Digital skills alone do not a successful digital team make

Team sitting around a table working on a project together

Written by Gordon Coe, Digital Director at Methods Digital

I don’t really believe in digital teams.

I believe in people. And the digital part of a service is only one part of the overall end-to-end service. It’s a delivery mechanism. Of course, you need digital expertise in your team but make sure it’s supplemented by other skills, and by enthusiasm, honesty and openness and a willingness to learn.

Giving teams a clarity of purpose…

helps them to understand why they are there and what they should be aiming for. Spend time at the outset investigating and communicating why you’re doing it. Get the team to buy into it and to define their roles.

Don’t fall into the trap of thinking agile will solve all your problems.

The adoption of agile is different in every organisation and I’ve seen it work well and fail disastrously. Introducing agile doesn’t make a good team – but it does lead to good habits around sharing information, working and planning iteratively, embracing change and continuously improving. Spend some time understanding the principles behind an agile approach rather than just copying it rote from a book.

Focus on the soft stuff

Focus on spending time with new members of the team to get them up to speed. Focus on ensuring everyone is talking to each other – daft stuff, random stuff, work stuff, personal stuff. Let peoples’ personalities come out and let them enjoy being part of the work. Go for team drinks, bring in doughnuts but make people feel valued and appreciated.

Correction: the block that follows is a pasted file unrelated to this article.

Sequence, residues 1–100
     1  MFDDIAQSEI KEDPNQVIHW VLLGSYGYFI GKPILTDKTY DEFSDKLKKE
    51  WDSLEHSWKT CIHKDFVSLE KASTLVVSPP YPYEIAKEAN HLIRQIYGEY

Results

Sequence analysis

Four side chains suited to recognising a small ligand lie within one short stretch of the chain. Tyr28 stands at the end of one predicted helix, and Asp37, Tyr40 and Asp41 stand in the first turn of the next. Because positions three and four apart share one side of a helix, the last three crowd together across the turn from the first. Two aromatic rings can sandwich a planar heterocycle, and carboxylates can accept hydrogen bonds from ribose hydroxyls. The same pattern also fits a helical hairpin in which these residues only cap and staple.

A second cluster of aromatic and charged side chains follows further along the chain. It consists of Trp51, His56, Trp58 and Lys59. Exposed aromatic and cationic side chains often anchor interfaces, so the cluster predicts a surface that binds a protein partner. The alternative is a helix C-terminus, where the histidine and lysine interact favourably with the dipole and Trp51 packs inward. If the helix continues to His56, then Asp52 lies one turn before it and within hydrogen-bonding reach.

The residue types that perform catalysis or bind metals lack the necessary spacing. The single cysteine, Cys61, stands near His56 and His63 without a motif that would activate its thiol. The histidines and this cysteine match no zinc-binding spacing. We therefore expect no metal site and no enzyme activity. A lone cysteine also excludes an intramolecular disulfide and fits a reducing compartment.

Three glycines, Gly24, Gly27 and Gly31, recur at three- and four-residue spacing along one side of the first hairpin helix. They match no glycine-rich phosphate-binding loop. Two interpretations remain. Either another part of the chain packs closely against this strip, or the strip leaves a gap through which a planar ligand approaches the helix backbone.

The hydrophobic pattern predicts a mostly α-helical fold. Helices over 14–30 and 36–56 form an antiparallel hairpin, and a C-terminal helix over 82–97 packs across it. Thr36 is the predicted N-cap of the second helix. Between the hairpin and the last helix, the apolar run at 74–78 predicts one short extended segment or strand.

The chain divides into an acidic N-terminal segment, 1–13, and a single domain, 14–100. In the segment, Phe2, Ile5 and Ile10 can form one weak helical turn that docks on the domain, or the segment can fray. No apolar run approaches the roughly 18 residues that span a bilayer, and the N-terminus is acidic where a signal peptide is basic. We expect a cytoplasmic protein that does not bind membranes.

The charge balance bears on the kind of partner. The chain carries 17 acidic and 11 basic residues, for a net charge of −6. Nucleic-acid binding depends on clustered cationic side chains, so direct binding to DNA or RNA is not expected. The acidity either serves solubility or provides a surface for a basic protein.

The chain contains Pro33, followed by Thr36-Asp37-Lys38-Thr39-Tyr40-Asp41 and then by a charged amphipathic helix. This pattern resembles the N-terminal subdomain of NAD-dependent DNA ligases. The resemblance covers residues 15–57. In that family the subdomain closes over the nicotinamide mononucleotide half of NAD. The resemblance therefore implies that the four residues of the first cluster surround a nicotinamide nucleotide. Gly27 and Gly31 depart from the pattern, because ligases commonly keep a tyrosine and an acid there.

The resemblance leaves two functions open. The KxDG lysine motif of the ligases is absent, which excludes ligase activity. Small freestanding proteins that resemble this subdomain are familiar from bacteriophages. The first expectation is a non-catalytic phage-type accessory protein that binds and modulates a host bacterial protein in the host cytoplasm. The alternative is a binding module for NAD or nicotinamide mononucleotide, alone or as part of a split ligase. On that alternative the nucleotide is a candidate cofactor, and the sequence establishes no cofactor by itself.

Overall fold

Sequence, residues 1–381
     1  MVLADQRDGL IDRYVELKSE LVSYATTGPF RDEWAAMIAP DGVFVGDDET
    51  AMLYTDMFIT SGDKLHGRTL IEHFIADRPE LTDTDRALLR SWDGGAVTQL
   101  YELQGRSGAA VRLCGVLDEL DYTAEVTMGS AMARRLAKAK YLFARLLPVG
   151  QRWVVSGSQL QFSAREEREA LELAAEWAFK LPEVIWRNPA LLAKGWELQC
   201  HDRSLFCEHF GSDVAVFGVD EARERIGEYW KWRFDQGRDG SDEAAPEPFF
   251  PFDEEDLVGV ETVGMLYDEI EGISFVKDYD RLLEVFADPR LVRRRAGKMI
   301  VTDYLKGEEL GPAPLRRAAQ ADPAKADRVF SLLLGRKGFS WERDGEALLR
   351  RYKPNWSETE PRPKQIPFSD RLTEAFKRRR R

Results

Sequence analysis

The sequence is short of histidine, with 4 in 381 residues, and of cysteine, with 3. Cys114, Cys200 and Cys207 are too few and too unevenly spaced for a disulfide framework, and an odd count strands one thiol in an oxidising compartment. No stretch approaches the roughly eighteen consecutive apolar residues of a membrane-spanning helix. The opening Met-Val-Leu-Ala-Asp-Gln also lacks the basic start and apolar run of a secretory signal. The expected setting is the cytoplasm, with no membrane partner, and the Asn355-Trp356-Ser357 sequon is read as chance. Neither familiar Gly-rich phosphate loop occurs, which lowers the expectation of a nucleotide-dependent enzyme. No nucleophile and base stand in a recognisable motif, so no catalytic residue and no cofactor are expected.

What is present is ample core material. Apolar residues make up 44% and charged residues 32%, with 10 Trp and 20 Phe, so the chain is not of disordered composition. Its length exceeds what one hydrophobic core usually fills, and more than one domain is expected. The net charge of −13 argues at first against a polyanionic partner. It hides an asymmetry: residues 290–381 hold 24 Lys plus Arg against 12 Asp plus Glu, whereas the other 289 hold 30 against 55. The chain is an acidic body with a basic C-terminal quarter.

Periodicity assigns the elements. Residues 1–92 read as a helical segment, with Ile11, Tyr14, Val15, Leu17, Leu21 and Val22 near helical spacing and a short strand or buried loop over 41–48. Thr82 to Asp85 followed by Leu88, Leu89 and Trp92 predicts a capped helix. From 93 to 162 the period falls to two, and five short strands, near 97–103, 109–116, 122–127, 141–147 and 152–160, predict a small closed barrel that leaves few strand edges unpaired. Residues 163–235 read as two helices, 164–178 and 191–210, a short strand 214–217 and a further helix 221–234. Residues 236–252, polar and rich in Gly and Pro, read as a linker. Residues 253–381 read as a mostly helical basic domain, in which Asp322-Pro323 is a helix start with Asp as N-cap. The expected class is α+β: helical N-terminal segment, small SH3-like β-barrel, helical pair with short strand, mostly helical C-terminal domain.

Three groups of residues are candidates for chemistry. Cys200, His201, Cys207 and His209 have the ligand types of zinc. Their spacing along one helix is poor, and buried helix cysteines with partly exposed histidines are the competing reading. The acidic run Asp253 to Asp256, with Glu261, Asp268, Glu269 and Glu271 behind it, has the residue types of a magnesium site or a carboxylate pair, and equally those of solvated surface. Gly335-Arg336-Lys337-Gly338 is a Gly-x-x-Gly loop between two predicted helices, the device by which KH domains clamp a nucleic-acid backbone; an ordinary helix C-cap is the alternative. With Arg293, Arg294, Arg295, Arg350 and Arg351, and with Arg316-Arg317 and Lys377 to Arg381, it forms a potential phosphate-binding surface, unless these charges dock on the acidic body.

Make sure your team can communicate and collaborate

The way people communicate with one another within the team and outwardly to the rest of the organisation means so much. Body language, relationship building – make every effort to ensure the team is co-located because that intangible stuff all happens when you’re together. But if you can’t do that then invest in your communications – whether that’s high-quality video conferencing and/or regular visits to the other location. People won’t feel part of the team if you don’t treat them as part of the team.

Give people thinking time

If you want your team to innovate then you need to give them the time and space to do it. That could mean inviting product holders and developers to user research labs. It could mean facilitated workshops with other areas of the business. New ideas are the lifeblood of future work, but innovation just happens – it can’t be planned for – so better make sure your culture allows for it.

This article was originally published here.


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